If you love to sew, then by all means, do it! But realize that buying a 30 cent shirt from the thrift store or finding clothes in the free boxes at yard sales or clearance racks in stores can be infinitely cheaper than sewing because of the time you need to take to shop for fabric, wash it, iron it, cut it, sew it, deal with sewing machine malfunctions, etc. and if you're not a great seamstress your product may turn out to be awful anyway and something you just turn into rags! Sewing is a great hobby of mine but I'm mindful that it's not "time-effective" unless I'm making something that is very simple and can't be purchased for less.
My main point is, since our time is eaten up constantly by so many things these days (husband's needs, small children's endless demands, church activities, relationships, home-keeping, errands, etc.) we should not only be concerned with where every penny is going, but also how much time we are spending on things, even things that could potentially save us money. If I can save both TIME and MONEY by doing it myself it's best! But if I want to save time, sometimes I need to splurge a little and if I want to save money sometimes I have to sacrifice a lot of time.
Some quick examples of things that save both time and money:
*automatic bill pay saves a stamp and saves you from having to remember to mail the bill, fill out the check, etc. every month (You need to be very responsible and careful if you use automatic bill pay!)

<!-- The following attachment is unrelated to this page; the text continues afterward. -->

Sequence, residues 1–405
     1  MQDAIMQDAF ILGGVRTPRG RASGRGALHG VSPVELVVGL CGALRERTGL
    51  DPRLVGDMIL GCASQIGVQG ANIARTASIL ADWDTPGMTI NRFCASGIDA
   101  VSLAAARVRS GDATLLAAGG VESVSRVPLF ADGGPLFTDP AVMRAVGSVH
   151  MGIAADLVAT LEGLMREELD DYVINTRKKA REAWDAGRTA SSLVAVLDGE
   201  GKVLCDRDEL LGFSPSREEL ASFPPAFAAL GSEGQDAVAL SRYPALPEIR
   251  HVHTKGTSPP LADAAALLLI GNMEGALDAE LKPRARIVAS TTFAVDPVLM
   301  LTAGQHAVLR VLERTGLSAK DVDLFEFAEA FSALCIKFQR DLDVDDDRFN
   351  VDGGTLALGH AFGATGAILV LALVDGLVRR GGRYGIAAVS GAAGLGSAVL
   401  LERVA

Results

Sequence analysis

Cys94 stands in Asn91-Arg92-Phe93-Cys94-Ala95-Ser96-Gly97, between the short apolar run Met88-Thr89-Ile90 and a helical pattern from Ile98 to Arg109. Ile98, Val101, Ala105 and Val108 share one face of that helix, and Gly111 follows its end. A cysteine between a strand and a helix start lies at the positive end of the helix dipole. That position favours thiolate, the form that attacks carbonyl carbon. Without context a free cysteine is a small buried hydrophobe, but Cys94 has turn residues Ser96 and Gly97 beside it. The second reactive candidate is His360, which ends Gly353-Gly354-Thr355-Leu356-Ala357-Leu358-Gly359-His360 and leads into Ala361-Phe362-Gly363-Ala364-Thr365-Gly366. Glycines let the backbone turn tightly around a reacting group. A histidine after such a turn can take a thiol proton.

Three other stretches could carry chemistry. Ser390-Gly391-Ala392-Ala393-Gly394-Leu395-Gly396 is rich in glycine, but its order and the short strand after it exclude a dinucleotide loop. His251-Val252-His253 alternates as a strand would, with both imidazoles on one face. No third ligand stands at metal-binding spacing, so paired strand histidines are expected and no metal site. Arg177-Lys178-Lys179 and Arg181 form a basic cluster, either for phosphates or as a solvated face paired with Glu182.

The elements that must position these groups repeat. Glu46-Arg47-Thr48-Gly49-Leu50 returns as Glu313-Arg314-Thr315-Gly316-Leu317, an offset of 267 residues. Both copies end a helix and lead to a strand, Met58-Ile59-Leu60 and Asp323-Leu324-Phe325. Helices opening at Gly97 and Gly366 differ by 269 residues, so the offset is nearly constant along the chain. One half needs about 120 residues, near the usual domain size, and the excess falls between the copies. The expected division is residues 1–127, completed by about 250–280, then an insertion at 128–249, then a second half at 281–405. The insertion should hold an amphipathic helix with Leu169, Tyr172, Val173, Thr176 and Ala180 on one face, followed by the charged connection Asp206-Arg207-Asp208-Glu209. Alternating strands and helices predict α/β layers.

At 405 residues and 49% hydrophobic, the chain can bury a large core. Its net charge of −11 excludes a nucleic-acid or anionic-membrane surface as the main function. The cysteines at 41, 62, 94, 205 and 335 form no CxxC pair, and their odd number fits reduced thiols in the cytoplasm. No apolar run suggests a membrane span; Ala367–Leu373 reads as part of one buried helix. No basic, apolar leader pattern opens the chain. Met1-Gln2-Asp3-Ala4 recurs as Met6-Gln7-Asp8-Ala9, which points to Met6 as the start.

*Spending more time planning your shopping list and rearranging it according to the stores you are going to and the layout of the store so you can shop faster and save money (it's a proven fact that the longer you browse the more you spend).
*Bulk cooking-Whether you make a months worth at a time or just cook 5 lbs. of hamburger and freeze it in 1 lb. portions, bulk cooking can save you time in the kitchen and money too since a lot of bulk foods are cheaper. You're also saving energy if you re-heat using a microwave.
Thursday, August 16, 2007
Dear Grandpa C.,
If I could write you one last letter to you, this is what it would say:
It was my priviledge to be your granddaughter. Cousin after cousin stood up and said this in the eulogy today and I, too, feel it with all my heart. When Jason stood up and said you were a Hero Grandfather it resonated deep within me. You were definitely a hero to me and the very definition of what a Grandfather and a Hero is. When Raine talked about all the memories of us at the cabin, it brought the best things to mind. She said she will always see "Wyoming" as Grandpa. How fitting for a rugged, but gentle, outdoorsman/cowboy/soldier/builder/fisherman.